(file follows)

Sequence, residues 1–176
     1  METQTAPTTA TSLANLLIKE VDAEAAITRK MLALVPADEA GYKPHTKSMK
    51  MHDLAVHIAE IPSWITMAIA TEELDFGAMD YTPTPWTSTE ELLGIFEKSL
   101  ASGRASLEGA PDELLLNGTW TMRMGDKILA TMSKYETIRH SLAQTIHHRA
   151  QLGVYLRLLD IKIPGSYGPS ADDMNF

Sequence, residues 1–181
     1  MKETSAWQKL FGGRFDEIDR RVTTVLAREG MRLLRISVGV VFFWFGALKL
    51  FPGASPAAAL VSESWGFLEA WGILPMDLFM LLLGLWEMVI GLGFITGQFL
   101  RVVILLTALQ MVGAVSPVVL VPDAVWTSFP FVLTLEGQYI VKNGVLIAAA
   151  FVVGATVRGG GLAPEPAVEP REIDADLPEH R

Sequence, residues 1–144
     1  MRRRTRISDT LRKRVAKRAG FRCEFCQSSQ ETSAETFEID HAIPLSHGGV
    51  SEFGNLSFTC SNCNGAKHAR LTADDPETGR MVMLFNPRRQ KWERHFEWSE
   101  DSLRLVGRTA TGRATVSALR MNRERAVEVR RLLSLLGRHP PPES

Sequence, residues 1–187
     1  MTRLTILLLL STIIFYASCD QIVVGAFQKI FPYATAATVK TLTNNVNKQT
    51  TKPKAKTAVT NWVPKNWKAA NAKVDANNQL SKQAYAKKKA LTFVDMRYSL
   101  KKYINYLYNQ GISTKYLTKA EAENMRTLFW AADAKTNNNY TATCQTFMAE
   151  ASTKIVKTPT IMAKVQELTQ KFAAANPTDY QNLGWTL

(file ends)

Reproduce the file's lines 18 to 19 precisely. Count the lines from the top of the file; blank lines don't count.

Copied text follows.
   101  KKYINYLYNQ GISTKYLTKA EAENMRTLFW AADAKTNNNY TATCQTFMAE
   151  ASTKIVKTPT IMAKVQELTQ KFAAANPTDY QNLGWTL